High-tech patch could help tackle painful periods

More than half of women of childbearing age suffer from period pain every month
More than half of women of childbearing age suffer from period pain every month

A PATCH worn on the stomach that generates 1,000 pain-killing pulses per second could make menstruation less miserable for women. Worn around the clock during a period, the wafer-thin patch has been shown to cut pain levels by more than 70% and, now, the NHS has set up trials.

More than half of women of childbearing age suffer from stomach cramps for two to three days a month. The pain is caused by the womb tightening and relaxing to help encourage the? lining of the womb to detach – a process that happens each month as part of a woman’s menstrual cycle.

If the womb contracts too strongly, it can press against nearby blood vessels, temporarily cutting off the supply of blood and oxygen. Starved of oxygen, the womb releases chemicals that trigger pain.

Less commonly, period pain, called dysmenorrhoea, can be caused by an underlying medical condition. These include endometriosis – where pieces of the tissue that lines the womb grow elsewhere in the body, including on other pelvic organs, such as the ovaries and fallopian tubes – as well as infections and uterine fibroids (non-cancerous growths).

Over-the-counter pain relievers, such as ibuprofen, can help with mild to moderate pain, and stronger, prescription nonsteroidal anti-inflammatory drugs are also available.

The contraceptive pill can be taken to thin the lining of the womb, making it easier to shed and so reducing the strength of the contractions.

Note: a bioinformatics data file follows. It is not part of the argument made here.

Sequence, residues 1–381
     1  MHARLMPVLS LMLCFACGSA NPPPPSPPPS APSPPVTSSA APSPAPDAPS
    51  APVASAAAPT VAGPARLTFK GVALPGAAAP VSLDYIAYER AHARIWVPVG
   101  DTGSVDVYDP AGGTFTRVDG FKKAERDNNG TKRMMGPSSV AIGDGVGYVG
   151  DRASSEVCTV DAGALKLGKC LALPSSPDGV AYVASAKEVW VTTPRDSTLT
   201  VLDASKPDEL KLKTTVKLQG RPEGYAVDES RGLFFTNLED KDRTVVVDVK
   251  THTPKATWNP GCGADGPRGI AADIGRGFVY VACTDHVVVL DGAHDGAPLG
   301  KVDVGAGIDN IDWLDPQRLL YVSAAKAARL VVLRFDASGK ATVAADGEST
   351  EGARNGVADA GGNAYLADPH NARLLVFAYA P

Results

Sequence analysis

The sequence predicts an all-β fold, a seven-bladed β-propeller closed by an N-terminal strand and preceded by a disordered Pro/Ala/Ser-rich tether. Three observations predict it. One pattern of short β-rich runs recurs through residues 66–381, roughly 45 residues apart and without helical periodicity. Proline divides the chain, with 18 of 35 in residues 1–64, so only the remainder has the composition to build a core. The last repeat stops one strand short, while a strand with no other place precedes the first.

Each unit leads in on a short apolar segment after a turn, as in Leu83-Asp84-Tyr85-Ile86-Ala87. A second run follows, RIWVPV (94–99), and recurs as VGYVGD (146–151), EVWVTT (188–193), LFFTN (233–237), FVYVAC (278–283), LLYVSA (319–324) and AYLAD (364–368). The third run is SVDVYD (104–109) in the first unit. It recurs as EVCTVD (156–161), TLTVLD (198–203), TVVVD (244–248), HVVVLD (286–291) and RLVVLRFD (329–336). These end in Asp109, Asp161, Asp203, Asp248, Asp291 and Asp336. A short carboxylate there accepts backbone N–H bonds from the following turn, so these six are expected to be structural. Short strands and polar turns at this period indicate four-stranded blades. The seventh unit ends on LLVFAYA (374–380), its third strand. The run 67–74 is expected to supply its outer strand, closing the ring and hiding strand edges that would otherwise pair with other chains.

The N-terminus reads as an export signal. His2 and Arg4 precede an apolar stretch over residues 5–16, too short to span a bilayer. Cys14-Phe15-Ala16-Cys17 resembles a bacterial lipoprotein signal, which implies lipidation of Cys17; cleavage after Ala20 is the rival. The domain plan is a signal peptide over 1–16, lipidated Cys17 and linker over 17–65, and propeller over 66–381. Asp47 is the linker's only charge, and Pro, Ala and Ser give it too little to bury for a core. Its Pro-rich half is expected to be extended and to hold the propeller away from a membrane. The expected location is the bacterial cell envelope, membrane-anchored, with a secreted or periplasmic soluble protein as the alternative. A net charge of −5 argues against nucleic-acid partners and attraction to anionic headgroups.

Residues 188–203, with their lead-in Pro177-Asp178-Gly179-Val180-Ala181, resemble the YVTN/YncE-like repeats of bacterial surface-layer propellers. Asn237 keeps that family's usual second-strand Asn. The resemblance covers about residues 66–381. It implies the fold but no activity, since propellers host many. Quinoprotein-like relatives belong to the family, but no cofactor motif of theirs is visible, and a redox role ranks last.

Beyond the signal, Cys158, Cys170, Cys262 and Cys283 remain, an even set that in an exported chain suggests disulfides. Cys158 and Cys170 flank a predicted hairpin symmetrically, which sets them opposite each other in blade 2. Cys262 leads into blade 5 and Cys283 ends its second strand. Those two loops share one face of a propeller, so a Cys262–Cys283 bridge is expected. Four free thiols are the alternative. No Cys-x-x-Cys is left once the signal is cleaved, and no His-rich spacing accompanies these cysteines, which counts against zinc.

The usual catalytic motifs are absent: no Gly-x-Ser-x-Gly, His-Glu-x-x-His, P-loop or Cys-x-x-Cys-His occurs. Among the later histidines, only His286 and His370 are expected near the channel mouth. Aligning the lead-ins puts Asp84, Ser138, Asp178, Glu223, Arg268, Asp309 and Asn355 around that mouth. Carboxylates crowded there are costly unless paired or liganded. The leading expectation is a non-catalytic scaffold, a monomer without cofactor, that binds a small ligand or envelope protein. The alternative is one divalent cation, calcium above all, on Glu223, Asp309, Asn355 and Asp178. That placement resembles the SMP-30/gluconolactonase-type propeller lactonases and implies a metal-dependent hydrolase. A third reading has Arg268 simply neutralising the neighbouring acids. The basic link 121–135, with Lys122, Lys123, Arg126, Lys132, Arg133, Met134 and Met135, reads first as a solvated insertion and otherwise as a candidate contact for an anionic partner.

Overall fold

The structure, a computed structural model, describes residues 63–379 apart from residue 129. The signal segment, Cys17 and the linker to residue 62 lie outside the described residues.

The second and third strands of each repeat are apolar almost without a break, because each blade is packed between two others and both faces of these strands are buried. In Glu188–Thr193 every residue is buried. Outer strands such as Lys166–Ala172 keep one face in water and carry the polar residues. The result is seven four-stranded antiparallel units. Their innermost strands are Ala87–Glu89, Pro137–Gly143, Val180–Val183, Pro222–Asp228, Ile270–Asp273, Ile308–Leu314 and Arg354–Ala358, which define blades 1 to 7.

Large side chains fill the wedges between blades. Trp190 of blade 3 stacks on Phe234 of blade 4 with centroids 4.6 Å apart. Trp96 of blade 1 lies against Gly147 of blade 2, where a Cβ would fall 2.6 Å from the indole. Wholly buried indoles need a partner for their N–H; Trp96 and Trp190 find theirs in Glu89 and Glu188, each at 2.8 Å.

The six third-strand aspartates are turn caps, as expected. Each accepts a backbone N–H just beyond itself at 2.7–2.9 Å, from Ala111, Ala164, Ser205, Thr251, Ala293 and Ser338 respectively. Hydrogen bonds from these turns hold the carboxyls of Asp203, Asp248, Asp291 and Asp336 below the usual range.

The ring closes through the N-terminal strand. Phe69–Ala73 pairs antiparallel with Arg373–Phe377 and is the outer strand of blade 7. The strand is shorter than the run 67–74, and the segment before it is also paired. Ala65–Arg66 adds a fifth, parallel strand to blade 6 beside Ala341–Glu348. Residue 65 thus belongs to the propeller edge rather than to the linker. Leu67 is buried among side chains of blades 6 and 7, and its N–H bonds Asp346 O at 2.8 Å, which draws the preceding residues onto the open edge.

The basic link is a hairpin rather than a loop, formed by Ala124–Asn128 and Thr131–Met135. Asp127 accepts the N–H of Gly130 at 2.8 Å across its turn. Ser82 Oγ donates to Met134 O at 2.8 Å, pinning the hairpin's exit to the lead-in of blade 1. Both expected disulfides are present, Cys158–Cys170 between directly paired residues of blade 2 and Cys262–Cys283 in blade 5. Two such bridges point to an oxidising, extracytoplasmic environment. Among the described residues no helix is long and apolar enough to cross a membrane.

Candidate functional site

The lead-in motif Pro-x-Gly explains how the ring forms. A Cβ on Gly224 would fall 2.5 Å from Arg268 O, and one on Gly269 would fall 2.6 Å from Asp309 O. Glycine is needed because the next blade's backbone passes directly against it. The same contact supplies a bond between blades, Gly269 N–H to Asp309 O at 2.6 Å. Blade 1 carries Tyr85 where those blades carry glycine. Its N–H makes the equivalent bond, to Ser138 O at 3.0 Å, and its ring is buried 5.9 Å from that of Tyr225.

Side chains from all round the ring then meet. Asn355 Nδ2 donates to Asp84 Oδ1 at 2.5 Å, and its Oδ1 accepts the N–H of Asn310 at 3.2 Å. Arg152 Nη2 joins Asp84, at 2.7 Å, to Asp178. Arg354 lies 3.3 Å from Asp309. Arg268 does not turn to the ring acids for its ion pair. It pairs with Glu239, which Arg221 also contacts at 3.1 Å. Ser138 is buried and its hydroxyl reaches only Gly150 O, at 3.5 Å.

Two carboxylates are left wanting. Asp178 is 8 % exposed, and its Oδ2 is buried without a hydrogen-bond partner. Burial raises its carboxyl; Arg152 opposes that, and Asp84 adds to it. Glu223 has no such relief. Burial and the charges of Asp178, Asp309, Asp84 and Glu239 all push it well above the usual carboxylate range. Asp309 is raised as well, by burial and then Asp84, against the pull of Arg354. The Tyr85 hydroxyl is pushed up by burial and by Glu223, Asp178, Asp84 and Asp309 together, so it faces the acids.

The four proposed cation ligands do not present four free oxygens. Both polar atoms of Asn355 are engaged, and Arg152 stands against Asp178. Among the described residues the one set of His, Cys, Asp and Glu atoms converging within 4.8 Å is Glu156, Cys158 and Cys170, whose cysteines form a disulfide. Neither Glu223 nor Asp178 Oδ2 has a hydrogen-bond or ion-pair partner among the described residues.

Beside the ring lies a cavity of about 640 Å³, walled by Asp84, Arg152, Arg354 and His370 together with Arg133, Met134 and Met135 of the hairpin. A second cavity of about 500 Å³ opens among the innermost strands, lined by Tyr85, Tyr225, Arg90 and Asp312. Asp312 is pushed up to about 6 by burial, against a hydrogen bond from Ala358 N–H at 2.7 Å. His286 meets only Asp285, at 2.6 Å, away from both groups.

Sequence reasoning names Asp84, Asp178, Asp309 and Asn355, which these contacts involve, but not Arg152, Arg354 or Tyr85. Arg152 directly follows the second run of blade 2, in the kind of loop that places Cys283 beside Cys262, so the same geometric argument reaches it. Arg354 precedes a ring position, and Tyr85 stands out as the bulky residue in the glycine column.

If menstrual cramps are caused by endometriosis or fibroids, surgery to correct the problem might help.

However, an estimated one in 10 women still experiences high levels of pain. It is hoped that the four-inch circular, stick-on patch from US medical device manufacturer BioElectronics will help provide pain relief.

The battery-operated patch – known as Allay – can be worn for 24 hours a day for five days, before being peeled off and charged up ready to use again. When switched on, a small electric current passes through a wire loop in the patch, generating an undetectable magnetic field that pulses into the abdominal tissue.

Its maker claims this triggers the cells to pump out excess fluid, reducing bloating, pain and swelling associated with dysmenorrhea.

The same kind of electromagnetic pulse therapy has been used for osteoarthritis knee pain and post-operative pain, where it is thought to work by blocking pain signals along the nerves.

Sixty women who have painful periods are taking part in a two-month trial at the University of Birmingham and Birmingham Women’s NHS Foundation Trust.

Research by the manufacturer, as yet unpublished, has shown that the patch can be effective, with pain levels falling by 31% on the first day of wear and by 63% by day five.

Overall, 77% of the women had a drop in pain compared with 14% in the control group.

Consultant gynaecologist Elias Kovoor says: "Treatments for dysmenorrhoea include pain killers and hormonal options such as the contraceptive pill. These are very effective and have the advantage of reducing bleeding. Unfortunately, side-effects are common, especially the? hormonal ones, which limits their use in many patients.

"This patch seems attractive, as it’s devoid of any hormonal side-effects, but further clinical trials are mandatory to assess its safety and efficacy before adoption into routine practice."

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